I've also decided that this version needs to move more of the interesting parts of the game from setup to play. So, this version will have more character and setting creation as part of play, rather than something done before play. I have in mind a mechanic where players can add a story about the place where a scene takes place, perhaps something like the "flashback" mechanic in 3:16. That story would work like free-form traits in some other story games; it could give you more beads to pull, or additional successes. To emphasize the locality of these stories, perhaps you can use them once per story, and once additionally in a scene set in that place. Or, perhaps taking part in a scene set in that place recharges it. Perhaps you write down these stories on your medicine wheel, putting them in one of your four quadrants. Maybe, like the "weaknesses" in 3:16, a story associated with your inferior function has to feature your weakness, failure, or humiliation; maybe it works as something that others use against you, rather than something you use yourself.

We also had a problem finding motivations for characters. A lot of that probably comes from the as-yet largely undetermined setting. With an open source setting, I expect motivations to proliferate as the setting gets filled in more and more. But even so, that problem still reveals a weakness in the system. So one part of character creation that I plan to keep in the "warm-up" phase puts a spin on "see-me." After a brief introduction giving us a very rough outline of your character (since we'll really define these characters in play), we take a round around the table, and each player will put out something that your character wants to get from their character: love, respect, acknowledgment, forgiveness, apology, etc. So right from the beginning, we'll have player characters who all want something from everyone else. That seems like a great way to start the story!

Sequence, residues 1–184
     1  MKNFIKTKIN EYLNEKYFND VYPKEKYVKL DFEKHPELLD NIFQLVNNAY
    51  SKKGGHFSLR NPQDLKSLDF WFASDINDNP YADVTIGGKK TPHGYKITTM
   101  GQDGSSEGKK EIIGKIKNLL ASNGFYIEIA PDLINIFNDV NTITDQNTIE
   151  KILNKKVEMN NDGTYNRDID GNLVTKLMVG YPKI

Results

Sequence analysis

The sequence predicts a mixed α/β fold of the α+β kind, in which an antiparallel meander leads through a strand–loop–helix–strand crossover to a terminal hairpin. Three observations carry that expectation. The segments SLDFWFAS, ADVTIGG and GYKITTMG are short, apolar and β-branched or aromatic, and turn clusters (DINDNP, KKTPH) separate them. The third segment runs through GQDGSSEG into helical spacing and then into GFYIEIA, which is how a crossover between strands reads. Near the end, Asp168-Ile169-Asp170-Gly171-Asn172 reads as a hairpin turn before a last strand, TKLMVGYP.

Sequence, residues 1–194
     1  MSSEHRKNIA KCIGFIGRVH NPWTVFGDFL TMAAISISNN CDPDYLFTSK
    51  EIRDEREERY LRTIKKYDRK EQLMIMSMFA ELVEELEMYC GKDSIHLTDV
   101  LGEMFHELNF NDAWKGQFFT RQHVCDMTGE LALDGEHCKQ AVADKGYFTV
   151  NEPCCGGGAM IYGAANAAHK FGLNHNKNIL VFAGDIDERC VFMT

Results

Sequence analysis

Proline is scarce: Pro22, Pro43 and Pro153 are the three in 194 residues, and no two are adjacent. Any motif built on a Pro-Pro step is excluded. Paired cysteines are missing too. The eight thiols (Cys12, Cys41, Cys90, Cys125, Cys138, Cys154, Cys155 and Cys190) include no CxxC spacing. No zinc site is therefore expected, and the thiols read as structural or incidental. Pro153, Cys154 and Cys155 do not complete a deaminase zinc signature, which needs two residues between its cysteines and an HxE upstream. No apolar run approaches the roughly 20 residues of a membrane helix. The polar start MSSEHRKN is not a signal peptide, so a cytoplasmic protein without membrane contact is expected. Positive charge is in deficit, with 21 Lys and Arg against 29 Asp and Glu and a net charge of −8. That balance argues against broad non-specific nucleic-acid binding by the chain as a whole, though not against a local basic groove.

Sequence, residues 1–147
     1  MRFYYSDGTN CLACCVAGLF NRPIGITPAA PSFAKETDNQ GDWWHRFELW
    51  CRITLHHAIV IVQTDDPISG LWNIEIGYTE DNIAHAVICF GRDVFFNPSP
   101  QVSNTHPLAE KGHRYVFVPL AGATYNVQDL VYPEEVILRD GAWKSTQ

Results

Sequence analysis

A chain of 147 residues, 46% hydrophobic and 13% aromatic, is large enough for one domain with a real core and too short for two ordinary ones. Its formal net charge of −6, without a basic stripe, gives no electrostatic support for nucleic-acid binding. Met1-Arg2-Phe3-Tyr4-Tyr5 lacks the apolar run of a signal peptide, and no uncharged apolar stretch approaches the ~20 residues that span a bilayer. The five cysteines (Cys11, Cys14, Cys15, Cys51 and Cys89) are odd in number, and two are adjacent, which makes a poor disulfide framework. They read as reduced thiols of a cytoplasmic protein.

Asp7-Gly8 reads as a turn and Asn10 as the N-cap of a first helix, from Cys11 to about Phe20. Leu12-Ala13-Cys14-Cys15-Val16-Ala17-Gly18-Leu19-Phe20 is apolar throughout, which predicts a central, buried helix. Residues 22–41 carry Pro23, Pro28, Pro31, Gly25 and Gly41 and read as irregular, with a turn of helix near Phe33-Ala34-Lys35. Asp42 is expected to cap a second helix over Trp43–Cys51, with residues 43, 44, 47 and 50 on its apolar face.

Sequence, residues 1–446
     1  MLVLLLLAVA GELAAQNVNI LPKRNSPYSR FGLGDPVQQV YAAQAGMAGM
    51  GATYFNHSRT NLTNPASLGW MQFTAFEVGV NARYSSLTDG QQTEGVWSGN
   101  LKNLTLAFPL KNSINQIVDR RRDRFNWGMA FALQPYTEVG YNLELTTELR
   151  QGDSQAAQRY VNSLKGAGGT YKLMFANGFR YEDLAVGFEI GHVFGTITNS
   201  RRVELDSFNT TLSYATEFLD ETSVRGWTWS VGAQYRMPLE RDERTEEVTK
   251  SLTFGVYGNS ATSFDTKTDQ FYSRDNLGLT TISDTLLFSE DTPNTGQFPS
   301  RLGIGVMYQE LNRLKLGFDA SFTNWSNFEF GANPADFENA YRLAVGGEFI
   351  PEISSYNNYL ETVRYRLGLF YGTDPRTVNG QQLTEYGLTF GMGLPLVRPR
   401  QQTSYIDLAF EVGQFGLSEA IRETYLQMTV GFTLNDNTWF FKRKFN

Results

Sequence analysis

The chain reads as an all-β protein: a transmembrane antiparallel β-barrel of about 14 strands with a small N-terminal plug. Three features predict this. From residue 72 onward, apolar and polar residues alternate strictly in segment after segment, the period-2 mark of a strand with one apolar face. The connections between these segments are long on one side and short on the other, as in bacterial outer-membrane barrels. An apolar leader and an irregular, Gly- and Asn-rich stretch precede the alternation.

All that, and a final game that only uses pieces you could quickly and easily gather, with things you could already have at home, and play effectively around a campfire.

Yes, I realize this has gotten a bit rambly, but I have a lot of ideas pouring out now, so please excuse the lack of structure here. I'd love to hear what you think.


Giulianna Maria Lamanna said...

The combination would really emphasize your choice: it would make your superior function very superior, and your inferior function very inferior. I think the combination might push it too far, losing that balance I like so much in Jungian psychology.

I agree with this statement. You don't want to make min-maxing too tempting, or everyone will try to be a powergamer, and I don't think you want this to be that kind of game.

Jason Godesky said...

Well, yes, it would certainly mean min-maxing. But I don't know how much you could really exploit it. If you choose "Sensing" as your dominant function, then you have a bag full of Sensing beads, and you add two to every pull anyway. But by the same token, you have very few Intuiting beads, and with the minus two, you'll need to pull three of your rarest color just to get one success. So it really comes down to what kind of bead you need. If you need Sensing, you can kick ass and take names, but if you need Intuiting, you've got a real problem. You'll need to pull Sensing about as often as you need Intuiting, in the long run, so it ends up as a wash. I don't know if this really opens the door for exploiting the system in quite those terms, but it certainly does make characters more extreme (yes, I know, next comes the Buzzed Bunny reference).

Giulianna Maria Lamanna said...

Oh, Buzzed Bunny... is there any situation you're not appropriate for? (BTW, why link to the censored version? All those beeps gave me a headache...)

So I guess the question is, do you want to encourage well-balanced characters or not?

Jason Godesky said...

I think I do, so I think that means I have to pick one. So, does your "superior" function mean you'll more likely engage the world that way, or does it mean you'll reliably engage the world that way?